Trump touts McCormick, courts black voters at Philadelphia rally

There was a bit of a bromance between former President Donald Trump and Senate candidate Dave McCormick at Trump’s rally in Philadelphia on Saturday.

Trump endorsed McCormick as “a warrior, a great military person, an incredible guy. And we have to elect him as the U.S. senator from your state. And just so you know, Dave McCormick is a seventh-generation Pennsylvanian who grew up in Bloomsburg, went to West Point, did great there and earned a Bronze Star for his service.”

“Dave went on to an outstanding career in business and now is fighting for the people of this commonwealth. He loves this commonwealth. He really is a high-quality person. I actually said, ‘Dave, are you too high quality for this job?’”

“But I’d rather have that than the other. And honestly, the other senator has been here forever…I don’t think I ever met him in my years in Washington. He doesn’t do anything,” Trump said. “Dave will vote to secure your borders, stand up to China, and unleash incredible amounts of Pennsylvania energy. And he wants to stop Biden inflation.”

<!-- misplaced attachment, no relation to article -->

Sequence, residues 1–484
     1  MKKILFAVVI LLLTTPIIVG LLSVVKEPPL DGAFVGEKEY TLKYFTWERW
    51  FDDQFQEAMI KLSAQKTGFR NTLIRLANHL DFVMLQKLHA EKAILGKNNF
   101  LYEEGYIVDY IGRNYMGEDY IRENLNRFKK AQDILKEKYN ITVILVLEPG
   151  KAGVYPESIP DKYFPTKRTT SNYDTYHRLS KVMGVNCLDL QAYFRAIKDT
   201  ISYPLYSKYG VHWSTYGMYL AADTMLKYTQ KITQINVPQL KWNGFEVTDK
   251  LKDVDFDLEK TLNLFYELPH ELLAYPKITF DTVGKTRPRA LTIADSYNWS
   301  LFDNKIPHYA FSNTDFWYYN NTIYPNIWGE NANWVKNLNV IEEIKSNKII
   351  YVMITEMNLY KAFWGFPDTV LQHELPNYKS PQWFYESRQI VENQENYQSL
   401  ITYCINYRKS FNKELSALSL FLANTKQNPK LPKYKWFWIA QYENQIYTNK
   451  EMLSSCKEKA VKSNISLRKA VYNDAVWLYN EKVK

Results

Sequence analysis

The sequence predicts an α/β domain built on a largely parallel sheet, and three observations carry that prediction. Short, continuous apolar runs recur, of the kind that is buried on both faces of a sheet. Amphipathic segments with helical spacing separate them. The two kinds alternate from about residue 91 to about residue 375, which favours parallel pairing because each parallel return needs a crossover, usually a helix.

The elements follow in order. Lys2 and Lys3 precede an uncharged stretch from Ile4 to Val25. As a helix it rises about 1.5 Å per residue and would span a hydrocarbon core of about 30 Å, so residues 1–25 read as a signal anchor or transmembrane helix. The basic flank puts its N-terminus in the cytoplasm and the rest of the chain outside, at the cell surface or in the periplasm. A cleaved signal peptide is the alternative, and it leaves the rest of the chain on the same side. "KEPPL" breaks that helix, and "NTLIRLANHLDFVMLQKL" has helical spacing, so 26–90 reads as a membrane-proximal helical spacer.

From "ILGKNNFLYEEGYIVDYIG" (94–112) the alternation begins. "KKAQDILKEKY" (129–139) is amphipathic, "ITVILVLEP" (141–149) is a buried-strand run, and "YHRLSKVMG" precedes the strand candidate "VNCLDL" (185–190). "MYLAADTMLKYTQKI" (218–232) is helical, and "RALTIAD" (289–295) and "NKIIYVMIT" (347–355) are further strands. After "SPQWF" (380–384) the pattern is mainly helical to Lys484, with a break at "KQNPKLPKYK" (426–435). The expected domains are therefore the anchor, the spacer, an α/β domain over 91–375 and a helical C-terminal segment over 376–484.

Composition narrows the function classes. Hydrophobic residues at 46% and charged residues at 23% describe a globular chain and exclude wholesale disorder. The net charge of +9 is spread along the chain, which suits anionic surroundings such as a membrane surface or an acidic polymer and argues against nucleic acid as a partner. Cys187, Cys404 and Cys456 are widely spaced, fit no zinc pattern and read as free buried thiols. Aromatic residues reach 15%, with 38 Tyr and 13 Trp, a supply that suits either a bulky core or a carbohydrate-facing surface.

Trump also bashed McCormick’s opponent, Democratic incumbent Sen. Bob Casey Jr.

Trump added, “Bob Casey votes with Sleepy Joe 98 percent (of the time). Bob Casey could have voted to stop Joe Biden’s invasion; instead, he voted in favor of sanctuary cities. He voted to give illegal aliens taxpayer-funded benefits. He voted against the border wall… Pennsylvania, you need to defeat open borders Bob Casey.”

On the stump in the swing state that many political observers believe could determine the outcome of the presidential race, Trump hit two issues hard: illegal immigration and the economy.

Trump recounted recent news stories of attacks by illegal immigrants, like a thirteen-year-old girl allegedly raped in New York City, a twelve-year-old Texas girl allegedly assaulted and murdered by two illegal immigrants, and a Maryland mother of five who was allegedly raped and murdered. In every case, the alleged assailants had previously been released into the U.S. by the Biden administration.